Friday, 30 August 2013

Travels with Ulick

Travels with Ulick by Ulick O’Connor. Mercier Press, Cork, 1996. SB, pp 96.

This review was written on August 18, 2005.

I was out walking with Ulick on the 12 August and afterwards during our talk in his house he gave me a copy of this short account of his first lecture tour in America in 1967. I had finished the book before I went to bed that evening. I enjoyed reading it. It was light-hearted and amusing in parts and was absorbing because of his references to the various social and political disturbances which prevailed in the United States at the time - Vietnam, the Civil Rights Movement led by Martin Luther King, widespread student disturbances and the residue of McCarthyism.

Like all good diary writers, Ulick is vain enough to stimulate one's interest in his own personality and the many people he met. He relates his account with the honesty and frankness which I have always found during my long friendship with him. His concise and effective writing, and particularly his use of short sentences make for easy reading and gives a description of the American scene in the 1960s which accords closely to my own experience when I first went there in 1962. I met a different class of American - academics, hospital consultants, public health specialists and epidemiologists. Most would have been European in their outlook and international in their interests. I would have had less contact with the American political scene and with the 'typical' American. Ulick's contacts were mostly with media, literary people, academics, students and university staff. They apparently made up the great bulk of his listeners. They may have included what we then called the blue rinse brigade. Their ignorance of Irish affairs was balanced by intense interest in Ulick's talks on Ireland and it's literature, politics and history of the early 20th century.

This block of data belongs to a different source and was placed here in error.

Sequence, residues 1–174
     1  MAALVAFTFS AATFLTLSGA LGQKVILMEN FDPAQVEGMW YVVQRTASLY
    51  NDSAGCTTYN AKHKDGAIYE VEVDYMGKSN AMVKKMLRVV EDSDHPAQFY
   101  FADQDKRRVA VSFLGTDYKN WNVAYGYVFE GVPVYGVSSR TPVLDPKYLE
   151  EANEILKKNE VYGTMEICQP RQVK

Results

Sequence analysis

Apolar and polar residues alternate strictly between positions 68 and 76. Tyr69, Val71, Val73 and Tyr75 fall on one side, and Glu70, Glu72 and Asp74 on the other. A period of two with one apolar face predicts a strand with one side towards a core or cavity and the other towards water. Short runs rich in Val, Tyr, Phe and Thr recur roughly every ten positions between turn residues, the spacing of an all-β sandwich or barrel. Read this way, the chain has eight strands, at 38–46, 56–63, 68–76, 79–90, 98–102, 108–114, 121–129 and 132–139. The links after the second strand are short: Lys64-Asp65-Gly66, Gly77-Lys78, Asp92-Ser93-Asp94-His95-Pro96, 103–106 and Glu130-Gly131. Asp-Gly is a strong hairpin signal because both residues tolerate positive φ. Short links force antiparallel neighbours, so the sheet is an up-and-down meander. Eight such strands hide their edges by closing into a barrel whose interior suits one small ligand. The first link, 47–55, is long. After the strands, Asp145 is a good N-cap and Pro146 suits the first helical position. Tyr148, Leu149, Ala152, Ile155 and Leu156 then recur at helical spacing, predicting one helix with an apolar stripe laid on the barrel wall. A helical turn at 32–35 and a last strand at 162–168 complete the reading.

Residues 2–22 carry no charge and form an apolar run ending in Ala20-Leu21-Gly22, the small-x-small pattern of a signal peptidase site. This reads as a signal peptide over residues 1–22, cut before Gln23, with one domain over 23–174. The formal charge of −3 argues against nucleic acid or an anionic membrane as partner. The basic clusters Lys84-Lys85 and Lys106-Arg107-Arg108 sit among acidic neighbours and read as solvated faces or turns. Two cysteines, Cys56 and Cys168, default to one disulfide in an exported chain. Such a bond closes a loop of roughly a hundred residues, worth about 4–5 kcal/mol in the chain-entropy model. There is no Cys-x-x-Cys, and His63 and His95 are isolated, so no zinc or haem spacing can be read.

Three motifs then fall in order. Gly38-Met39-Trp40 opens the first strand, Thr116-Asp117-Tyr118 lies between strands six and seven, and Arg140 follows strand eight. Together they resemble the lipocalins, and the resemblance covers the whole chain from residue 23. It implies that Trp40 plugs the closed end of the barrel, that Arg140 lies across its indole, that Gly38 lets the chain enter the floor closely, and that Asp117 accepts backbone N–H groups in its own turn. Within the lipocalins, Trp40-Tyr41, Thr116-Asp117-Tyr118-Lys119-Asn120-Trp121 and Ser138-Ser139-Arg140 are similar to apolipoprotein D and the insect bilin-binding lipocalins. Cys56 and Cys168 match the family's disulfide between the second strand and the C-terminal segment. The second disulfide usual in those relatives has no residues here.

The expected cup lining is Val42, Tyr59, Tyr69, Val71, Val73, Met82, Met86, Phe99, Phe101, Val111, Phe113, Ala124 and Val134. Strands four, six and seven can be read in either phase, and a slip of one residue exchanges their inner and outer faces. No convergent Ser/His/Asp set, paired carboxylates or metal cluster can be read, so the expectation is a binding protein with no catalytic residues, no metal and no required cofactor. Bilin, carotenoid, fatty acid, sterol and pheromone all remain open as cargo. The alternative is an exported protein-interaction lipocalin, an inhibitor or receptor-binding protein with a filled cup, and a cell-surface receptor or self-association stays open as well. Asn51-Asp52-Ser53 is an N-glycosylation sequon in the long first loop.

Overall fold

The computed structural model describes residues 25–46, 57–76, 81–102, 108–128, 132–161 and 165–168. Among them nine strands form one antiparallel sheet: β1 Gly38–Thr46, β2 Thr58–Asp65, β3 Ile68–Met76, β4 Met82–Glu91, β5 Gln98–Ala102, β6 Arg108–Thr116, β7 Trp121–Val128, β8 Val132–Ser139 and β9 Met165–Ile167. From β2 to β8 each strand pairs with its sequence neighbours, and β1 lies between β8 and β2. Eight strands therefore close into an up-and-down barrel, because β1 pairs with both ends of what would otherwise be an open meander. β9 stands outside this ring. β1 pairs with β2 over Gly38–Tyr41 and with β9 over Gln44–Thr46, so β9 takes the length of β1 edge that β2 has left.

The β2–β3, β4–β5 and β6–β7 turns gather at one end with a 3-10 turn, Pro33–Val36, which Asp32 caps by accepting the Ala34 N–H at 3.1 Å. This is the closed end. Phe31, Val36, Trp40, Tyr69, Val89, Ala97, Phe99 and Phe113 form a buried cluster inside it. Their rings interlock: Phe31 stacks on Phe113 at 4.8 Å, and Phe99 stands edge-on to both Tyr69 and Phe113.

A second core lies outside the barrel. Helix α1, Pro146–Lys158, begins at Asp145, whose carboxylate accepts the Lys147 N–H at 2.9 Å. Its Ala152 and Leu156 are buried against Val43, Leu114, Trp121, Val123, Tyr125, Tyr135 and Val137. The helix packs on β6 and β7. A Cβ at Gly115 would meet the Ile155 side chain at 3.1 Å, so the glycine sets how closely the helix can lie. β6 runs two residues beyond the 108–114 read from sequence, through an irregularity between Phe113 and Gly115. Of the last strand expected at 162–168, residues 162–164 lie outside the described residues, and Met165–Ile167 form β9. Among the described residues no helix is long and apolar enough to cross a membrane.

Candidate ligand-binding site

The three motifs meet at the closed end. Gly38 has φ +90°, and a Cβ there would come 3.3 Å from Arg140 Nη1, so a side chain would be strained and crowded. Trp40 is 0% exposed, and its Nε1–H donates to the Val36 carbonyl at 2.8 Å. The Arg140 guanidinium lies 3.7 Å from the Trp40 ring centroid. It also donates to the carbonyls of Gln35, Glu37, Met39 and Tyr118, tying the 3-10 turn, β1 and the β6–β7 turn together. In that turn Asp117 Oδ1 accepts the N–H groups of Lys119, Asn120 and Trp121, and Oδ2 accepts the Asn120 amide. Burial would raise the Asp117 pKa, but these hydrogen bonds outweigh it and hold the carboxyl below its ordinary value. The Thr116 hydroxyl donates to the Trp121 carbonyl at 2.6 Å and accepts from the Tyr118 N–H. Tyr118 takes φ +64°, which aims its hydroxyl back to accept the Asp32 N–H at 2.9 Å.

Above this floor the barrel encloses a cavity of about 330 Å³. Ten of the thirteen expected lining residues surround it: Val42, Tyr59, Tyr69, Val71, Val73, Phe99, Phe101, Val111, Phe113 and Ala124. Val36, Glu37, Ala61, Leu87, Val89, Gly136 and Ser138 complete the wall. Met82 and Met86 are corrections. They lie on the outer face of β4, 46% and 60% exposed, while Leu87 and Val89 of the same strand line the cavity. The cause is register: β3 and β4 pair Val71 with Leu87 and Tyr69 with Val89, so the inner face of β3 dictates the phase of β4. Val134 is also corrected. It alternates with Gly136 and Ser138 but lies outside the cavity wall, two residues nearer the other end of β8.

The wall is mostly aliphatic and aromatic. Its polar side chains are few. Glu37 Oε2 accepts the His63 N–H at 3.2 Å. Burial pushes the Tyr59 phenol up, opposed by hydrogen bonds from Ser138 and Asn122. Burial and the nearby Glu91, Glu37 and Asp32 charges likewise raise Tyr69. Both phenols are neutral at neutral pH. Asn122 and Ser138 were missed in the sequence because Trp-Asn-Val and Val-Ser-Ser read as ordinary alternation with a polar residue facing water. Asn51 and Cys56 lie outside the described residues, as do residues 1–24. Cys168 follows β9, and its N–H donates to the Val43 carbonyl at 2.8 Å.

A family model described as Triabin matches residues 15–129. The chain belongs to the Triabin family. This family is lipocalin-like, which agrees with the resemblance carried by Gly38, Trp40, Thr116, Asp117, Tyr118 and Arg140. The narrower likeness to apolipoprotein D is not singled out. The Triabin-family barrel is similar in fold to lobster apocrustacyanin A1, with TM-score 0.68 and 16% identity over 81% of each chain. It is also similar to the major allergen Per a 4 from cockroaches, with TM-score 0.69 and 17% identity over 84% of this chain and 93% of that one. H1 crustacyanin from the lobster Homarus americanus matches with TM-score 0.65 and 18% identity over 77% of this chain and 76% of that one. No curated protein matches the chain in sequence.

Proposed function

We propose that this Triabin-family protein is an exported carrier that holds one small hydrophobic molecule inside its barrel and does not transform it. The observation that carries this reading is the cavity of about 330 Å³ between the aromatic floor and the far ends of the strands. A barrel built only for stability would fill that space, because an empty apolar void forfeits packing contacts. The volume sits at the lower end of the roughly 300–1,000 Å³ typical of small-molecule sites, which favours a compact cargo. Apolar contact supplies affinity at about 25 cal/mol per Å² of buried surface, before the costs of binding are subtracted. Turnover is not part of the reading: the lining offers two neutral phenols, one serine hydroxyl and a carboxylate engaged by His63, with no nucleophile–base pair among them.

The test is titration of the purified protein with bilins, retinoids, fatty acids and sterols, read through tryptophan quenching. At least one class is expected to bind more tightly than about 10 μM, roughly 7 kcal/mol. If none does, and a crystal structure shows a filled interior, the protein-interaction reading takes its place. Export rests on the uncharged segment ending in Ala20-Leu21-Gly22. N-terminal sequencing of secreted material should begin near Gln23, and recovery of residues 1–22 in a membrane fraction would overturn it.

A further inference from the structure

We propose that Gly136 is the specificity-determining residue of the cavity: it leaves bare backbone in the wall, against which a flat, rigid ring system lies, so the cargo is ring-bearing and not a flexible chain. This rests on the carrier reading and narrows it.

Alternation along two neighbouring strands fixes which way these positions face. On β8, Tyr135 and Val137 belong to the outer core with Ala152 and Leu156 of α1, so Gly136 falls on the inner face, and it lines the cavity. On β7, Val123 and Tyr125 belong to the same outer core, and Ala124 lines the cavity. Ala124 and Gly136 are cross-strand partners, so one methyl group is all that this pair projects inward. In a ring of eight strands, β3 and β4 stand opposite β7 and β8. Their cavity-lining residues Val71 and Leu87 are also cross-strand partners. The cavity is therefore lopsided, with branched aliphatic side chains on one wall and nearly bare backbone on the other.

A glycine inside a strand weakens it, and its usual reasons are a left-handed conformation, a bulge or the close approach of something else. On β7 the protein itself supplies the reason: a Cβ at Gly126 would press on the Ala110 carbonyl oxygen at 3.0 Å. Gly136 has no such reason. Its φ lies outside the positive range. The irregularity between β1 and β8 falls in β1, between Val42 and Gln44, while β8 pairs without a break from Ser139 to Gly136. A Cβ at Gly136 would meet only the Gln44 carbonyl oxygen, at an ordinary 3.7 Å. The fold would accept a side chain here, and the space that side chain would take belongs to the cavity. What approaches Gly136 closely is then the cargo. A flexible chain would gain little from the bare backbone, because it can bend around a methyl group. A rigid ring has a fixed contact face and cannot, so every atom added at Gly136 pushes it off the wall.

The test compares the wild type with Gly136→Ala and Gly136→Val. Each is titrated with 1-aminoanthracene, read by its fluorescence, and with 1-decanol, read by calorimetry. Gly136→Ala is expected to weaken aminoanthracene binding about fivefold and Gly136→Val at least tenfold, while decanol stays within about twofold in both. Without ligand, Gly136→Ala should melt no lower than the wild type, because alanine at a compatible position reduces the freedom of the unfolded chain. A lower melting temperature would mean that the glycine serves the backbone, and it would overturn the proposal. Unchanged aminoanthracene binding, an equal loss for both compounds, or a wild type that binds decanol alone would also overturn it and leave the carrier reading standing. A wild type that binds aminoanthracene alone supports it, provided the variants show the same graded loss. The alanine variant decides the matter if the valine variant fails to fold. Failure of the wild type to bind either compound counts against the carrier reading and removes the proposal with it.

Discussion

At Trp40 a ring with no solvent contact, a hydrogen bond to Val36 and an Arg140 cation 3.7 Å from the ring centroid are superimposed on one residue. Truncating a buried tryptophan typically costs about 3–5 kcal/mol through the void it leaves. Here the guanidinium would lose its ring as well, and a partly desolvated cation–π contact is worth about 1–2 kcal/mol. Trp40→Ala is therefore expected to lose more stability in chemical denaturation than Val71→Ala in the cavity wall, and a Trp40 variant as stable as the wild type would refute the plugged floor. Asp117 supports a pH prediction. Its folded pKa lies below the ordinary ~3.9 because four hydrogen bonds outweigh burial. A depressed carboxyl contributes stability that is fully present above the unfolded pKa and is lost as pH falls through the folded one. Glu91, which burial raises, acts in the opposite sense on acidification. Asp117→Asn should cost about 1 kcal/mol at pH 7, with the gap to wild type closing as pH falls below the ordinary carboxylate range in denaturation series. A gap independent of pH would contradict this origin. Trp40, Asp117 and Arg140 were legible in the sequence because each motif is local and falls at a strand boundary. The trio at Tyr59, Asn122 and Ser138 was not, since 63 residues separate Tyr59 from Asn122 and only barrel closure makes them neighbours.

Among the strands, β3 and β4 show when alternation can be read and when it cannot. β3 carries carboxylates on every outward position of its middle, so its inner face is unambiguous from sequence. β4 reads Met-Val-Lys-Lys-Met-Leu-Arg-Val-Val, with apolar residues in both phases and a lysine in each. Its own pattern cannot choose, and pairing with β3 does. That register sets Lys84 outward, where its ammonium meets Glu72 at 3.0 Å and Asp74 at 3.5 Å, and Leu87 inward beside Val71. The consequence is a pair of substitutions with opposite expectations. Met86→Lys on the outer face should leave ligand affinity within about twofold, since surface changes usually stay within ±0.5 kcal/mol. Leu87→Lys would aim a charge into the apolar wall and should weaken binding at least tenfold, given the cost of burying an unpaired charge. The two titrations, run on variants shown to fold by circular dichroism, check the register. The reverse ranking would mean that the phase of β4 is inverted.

His frequent allusions to the Civil Rights 
Movement, the Vietnam War and other contemporary problems then existing in America are evocative of these turbulent times. He refers to the extraordinary link between religious fundamentalism and the pursuit of wealth, a feature of the United States which had its origin in the pragmatic attitude of the early settlers. Other references to the American scene bring back memories of these times. He describes the unacceptable level of violence in the country, including his own brushes with violent people, and the Americans’ denial of the massacres and near extermination of the indigenous people of the continent. The widespread personal violence and corporate corruption we associate with America must have its origins in the degree of personal freedom enshrined in its constitution and its history, and the absence of an effective system of law and order in the early days, particularly among those who pioneered the exodus to the plains and the West. The increase in personal violence and corporate corruption in Ireland and other European countries is evidence of the Americanisation of Europe and the world, of their materialism and waste of the planet’s natural resources, their limitless urge to enhance their standard of living which is a chimera in pursuit of happiness.
Loyola University circa 1950

Ulick refers to Loyola University where he had been a student for a year about 1952. It was
 sad to read his account of the University on his later visit there. He described the  destruction of many of the sporting and exercise facilities which existed during his student year. No doubt this was evidence of the American drift towards the sedentary life and the obesity syndrome, why they have become couch potatoes and television viewers of the sporting elite.

Can we anticipate the same fate for sport and exercise for the non-elitist students at University College at Belfield where there has been a continuous and increasing invasion of the sports fields by new buildings and, from my observations as a frequent walker on the campus, decreasing student activity on the sports fields in recent years? And will this trend continue into the future with an ambitious administration putting such emphasis on research and technology, and encouraging a closer association with industry and creation of wealth? I do not think Newman would approve.

I wonder if competing in the industrial and commercial world is more important for our third level students, our future leaders, than having a rounded general education, being concerned about civics and the care of the planet, being caring citizens, and learning the value of good physical and mental health.

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